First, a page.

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With the overwhelmingly positive response to Battlefield 1‘s World War I setting, it’s safe to say that fans of that franchise weren’t necessarily thrilled when it transitioned to a modern warfare setting to a modern setting to begin with. Similarly, Resident Evil fans may not be happy about the way Call of Duty and its success influenced the survival-horror franchise, as the popularity of Call of Duty led directly to the more action-oriented approach of the most recent games in the series.

In an attempt to appeal to Call of Duty fans, Capcom decided to shift Resident Evil‘s focus away from atmospheric survival-horror and to being a guns-blazing action series. The result was the poorly-received Resident Evil 6, and the critically panned Operation Raccoon City. Capcom is finally starting to redirect the series back to its horror roots with the upcoming Resident Evil VII, but its reputation as the premiere horror series in gaming may have been damaged by its Call of Duty-inspired detour into the action genre.

Another franchise that was led astray by Call of Duty‘s influence was Final Fantasy. Many regard Final Fantasy XIII as a low point for the series, as it failed to resonate with gamers as much as its predecessors. Much of the game’s criticism was aimed at its linearity, and a general lack of towns or shops that have otherwise been a consistent feature in Final Fantasy games. Well, as it turns out, the linearity of Final Fantasy XIII and the way its story unfolds was directly inspired by the design of Call of Duty.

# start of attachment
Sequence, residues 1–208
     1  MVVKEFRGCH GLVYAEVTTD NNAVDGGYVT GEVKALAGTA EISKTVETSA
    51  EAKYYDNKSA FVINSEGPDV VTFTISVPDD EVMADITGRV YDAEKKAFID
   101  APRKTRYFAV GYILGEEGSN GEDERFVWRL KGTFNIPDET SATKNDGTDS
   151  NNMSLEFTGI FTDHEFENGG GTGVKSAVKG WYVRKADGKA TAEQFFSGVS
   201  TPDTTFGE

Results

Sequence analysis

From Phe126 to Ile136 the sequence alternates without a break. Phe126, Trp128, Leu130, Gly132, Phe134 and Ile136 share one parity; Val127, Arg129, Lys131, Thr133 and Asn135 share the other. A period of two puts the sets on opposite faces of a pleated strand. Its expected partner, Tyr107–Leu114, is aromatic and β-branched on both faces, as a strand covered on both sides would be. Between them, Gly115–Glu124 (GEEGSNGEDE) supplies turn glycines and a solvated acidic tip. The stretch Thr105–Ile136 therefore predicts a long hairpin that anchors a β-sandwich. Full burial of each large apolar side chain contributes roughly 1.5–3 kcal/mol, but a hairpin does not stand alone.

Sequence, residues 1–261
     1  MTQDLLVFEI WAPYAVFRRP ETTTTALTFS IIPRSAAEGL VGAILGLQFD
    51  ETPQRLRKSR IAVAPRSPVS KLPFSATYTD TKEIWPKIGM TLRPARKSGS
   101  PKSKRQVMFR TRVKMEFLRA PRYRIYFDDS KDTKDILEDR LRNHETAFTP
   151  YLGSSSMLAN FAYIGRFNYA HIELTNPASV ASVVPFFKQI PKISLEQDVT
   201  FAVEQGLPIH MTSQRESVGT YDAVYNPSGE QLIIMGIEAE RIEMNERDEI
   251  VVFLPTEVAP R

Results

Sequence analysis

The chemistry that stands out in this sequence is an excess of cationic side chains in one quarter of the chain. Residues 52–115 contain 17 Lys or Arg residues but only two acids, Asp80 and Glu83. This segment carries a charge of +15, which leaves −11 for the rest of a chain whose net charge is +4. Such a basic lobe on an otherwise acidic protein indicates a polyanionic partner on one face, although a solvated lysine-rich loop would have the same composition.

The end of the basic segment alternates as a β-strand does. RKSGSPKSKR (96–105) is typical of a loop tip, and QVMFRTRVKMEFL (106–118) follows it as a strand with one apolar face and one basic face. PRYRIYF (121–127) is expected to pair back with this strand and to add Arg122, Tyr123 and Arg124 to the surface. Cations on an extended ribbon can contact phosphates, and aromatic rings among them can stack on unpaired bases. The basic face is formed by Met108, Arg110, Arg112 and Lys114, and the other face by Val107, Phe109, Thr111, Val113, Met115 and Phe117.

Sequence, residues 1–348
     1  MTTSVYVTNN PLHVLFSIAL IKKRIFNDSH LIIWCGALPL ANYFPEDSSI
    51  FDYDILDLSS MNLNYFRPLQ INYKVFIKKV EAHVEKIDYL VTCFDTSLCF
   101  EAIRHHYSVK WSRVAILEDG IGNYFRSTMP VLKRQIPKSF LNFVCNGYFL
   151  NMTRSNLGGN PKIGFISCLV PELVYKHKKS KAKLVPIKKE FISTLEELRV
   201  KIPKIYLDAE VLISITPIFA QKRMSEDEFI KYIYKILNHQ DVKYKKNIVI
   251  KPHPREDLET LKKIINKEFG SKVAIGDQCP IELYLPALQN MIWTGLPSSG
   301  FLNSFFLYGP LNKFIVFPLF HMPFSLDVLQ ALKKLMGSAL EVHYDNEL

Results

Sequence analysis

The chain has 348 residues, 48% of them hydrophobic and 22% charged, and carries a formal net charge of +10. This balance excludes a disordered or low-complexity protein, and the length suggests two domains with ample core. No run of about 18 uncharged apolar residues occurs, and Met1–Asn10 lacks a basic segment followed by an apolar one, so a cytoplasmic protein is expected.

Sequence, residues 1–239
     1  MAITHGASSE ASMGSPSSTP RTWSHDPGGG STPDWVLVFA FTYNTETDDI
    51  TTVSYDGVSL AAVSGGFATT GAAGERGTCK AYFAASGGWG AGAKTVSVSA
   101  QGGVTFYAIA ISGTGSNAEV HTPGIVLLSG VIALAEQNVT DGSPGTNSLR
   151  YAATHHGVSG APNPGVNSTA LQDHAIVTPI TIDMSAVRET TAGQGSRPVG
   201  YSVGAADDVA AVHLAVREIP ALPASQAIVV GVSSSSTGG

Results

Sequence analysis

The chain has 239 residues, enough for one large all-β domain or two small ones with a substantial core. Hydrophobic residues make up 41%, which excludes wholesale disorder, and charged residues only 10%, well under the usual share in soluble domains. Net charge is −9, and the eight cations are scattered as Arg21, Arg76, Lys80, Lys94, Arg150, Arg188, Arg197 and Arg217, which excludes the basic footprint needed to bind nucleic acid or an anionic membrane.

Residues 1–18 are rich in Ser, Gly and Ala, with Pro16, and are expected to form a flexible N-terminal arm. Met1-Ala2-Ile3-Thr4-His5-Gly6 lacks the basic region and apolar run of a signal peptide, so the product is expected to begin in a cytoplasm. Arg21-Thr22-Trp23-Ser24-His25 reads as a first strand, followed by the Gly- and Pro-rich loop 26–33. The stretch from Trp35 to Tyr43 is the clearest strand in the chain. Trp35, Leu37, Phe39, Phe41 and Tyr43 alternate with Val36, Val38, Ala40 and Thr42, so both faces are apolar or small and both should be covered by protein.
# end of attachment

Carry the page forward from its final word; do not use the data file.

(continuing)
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By normalizing annual releases for story-driven games, popularizing the modern warfare setting over traditional historical settings, inspiring Resident Evil to be more action than horror, and being one of the reasons why Final Fantasy XIII was so linear, I think Call of Duty has had a negative impact on the industry. However, we’re now seeing the Call of Duty effect fade a bit. Capcom and Square Enix are working to undo the damage done by the Call of Duty-inspired entries in their respective franchises, and Ubisoft isn’t cranking out new Assassin’s Creed games every year. Battlefield 1 is set during World War I instead of modern times, and if the insane number of dislikes on the Call of Duty: Infinite Warfare reveal trailer are any indication, we may even see Call of Duty itself return to a historical setting soon.

But while I think Call of Duty negatively impacted the industry in the preceding ways, I also think it has done some good for the industry as well. Year after year, Call of Duty is the best selling game, and its incredible mainstream success has potentially brought in plenty of new people into gaming. Furthermore, Call of Duty is an innovator, with its footprint still clearly visible in the design of online multiplayer games to this day.

Ultimately, I believe Call of Duty has impacted the industry in both negative and positive ways, and it depends on one’s personal perspective as to whether its influence has been for better or worse. Moving forward, it will be interesting to see how Call of Duty continues to shape industry trends.

Do you think Call of Duty has had more of a negative or positive impact on the gaming industry?

Sources: IGN, Kotaku